The Classic was unable to speak to the cast or crew of Girls on the Bus. One crew member said that they “were not allowed to speak to the public,” and to “refer to anything that was already online.” Neither Ms. Netto nor Ms. St. George Jones was able to confirm what was filming on campus either. 

According to Ms. St. George Jones, this is fairly normal for production companies, though the rules are slightly different based on the company’s contract. “There are two levels,” she said. “One is a confidentiality agreement, [so] you can talk amongst yourselves but not to the public. [An] NDA is different, you can’t tell anyone (QC signs it). [There are] severe financial consequences [to violating the NDA],” Ms. St. George Jones said. The company that was filming in December and QC had a confidentiality agreement. Neither Ms. Netto nor Ms. St. George Jones could disclose anything regarding the show (nor even confirm that it was filming at QC), but two individuals working on the production disclosed the title to The Classic

Aside from the logistical hassle, both Ms. Netto and Ms. St. George Jones recall many memorable moments from various shoots, though not all pleasant. “[Once], we hired an outside contractor, and [they] broke a fence post and hid it under [the] snow.” Their plan proved to be unsuccessful, as Ms. St. George Jones said, “there were cameras there.” They had some odd and unexpected experiences from on set as well. Ms. Netto recalled “a scene where they were throwing [a fake baby] off a roof. [It was] really interesting to see [how the fake] baby fell the right way.”

While it is entertaining to watch the “magic” happen from behind the scenes, there are a lot of tedious aspects to the job, they said. “We had a scene when someone was falling into a pool. [It took] 48 hours for a 10 minute [scene],” said Ms. St. George Jones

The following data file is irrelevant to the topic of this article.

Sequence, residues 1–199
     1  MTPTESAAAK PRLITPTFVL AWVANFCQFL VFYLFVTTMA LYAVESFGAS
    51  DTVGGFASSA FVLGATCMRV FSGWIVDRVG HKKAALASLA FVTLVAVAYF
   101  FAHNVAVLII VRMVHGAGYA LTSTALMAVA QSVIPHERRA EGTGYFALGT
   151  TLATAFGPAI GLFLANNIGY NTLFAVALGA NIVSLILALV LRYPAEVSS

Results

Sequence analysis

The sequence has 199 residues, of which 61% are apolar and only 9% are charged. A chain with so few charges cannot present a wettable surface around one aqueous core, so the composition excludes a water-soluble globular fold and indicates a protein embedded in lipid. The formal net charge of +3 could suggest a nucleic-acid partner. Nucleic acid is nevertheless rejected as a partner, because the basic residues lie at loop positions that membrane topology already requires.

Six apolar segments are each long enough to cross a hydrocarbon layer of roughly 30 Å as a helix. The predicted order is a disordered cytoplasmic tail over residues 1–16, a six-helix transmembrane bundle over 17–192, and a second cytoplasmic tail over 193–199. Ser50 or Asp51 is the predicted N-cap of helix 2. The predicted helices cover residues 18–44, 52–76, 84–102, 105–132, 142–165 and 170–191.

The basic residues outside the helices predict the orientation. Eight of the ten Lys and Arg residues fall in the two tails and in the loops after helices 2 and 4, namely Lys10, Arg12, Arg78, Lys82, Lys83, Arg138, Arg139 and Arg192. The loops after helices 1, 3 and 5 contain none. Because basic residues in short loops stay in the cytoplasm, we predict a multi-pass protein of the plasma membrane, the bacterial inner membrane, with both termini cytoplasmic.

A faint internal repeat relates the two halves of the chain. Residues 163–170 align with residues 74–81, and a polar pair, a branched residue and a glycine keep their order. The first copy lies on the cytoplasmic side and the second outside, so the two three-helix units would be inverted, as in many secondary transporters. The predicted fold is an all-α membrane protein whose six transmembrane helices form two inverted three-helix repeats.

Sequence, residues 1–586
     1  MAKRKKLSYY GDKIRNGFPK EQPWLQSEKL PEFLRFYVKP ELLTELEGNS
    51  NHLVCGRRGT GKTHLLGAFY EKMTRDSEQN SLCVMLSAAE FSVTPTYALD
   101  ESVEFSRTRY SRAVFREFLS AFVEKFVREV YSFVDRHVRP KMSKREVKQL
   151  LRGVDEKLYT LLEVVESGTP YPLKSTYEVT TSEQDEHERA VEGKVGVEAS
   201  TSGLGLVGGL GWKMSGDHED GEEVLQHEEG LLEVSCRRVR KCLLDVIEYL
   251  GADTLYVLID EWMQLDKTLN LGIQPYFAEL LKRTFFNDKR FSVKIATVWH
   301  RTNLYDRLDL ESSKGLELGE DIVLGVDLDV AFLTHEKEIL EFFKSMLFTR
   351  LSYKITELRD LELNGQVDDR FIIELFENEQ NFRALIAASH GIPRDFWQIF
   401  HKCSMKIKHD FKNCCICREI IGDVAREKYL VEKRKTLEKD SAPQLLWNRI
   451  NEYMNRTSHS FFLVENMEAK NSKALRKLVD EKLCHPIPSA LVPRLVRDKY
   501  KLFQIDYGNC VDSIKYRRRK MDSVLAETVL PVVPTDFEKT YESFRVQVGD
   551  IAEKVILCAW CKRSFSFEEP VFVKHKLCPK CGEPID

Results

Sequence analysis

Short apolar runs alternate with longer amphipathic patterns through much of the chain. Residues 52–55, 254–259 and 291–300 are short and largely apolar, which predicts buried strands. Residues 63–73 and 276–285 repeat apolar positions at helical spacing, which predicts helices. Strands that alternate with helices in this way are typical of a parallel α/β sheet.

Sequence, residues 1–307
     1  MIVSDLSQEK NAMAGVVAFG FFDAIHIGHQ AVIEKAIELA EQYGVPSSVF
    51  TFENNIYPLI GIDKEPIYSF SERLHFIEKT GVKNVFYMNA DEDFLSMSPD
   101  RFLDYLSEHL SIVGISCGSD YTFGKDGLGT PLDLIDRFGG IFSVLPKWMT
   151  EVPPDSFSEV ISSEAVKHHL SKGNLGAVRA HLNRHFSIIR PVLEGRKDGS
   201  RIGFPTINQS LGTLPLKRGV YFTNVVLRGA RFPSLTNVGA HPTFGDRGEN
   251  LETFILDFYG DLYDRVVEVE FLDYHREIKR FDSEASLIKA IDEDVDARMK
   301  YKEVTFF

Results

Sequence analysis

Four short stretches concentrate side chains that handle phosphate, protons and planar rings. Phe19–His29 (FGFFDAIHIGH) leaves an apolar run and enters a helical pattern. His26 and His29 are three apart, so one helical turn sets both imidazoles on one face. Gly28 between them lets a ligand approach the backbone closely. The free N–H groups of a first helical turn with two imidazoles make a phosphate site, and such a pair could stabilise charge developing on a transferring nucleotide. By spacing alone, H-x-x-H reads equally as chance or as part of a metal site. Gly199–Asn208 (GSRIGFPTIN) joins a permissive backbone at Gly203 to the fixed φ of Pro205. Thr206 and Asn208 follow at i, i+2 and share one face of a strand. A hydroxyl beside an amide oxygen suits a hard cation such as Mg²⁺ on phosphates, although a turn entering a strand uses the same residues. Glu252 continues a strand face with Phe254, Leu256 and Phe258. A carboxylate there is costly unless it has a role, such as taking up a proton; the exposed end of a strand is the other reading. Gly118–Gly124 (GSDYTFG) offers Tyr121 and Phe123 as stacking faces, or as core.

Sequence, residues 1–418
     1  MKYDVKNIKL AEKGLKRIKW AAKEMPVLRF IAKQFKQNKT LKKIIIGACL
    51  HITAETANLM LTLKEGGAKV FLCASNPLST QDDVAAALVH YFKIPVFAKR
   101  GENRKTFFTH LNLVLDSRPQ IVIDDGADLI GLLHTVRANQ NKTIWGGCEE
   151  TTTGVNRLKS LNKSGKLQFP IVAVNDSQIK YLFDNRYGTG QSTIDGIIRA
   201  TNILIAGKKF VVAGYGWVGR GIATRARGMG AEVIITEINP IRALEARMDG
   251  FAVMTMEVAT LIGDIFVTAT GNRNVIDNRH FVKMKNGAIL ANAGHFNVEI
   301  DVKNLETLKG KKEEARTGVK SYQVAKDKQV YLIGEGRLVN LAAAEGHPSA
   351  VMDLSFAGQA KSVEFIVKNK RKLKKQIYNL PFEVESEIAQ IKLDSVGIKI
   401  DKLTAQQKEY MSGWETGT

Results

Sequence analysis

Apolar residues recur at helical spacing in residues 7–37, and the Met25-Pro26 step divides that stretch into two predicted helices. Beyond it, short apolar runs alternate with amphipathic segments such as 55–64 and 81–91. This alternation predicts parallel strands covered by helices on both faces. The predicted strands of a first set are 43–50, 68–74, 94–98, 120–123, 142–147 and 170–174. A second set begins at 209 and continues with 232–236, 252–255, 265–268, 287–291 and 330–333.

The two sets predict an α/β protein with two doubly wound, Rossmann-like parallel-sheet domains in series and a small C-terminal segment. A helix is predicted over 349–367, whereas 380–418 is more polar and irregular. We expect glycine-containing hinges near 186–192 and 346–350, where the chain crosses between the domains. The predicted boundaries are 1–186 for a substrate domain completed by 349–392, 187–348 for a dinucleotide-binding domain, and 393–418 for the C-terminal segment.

Unfortunately, Ms. St. George Jones clarified that students cannot get their five seconds of fame by accidentally walking through a set. “Extras are all settled [beforehand]. There are people who are professional extras. It’s a traveling city.” Though they make sure to clear areas while filming, they’ve had some more difficult circumstances. Ms. St. George Jones said, “We’ve had cases where staff members went crazy over stars [on campus] and had to be removed.” 

“We are privileged to be such a large part of the arts, [which brings] nearly a billion dollars to the city,” said Ms. St. George Jones.

Some projects which were shot in and around QC include scenes from the show Manifest, which was filmed in 2018. Whereas some shows try to stay quiet when filming, the star of Manifest, Josh Dallas, spoke to The Classic and encouraged students to watch the show when it premiered. The episode shot on campus uses the THHS exterior (which is visible in season one of the show), as well as the part of QC where THHS’ Humanities Symposium takes place. Scenes for shows including Maniac, The Americans, The Confines, Person of Interest, The Lennon Report and Inside Amy Schumer have been filmed at the college too. “It’s a fun game to play to see if you can spot QC,” said Ms. St. George Jones. “If you have watched network TV, purchased any major television, [then the] odds are very high that you’ve seen QC [on TV].”

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Reem Nasrallah
Reem Nasrallah, Classic Business Director
Reem Nasrallah is a senior at Townsend Harris High School. She enjoys lifting, going on runs, and binge-watching her favorite shows ("Suits" is the current obsession)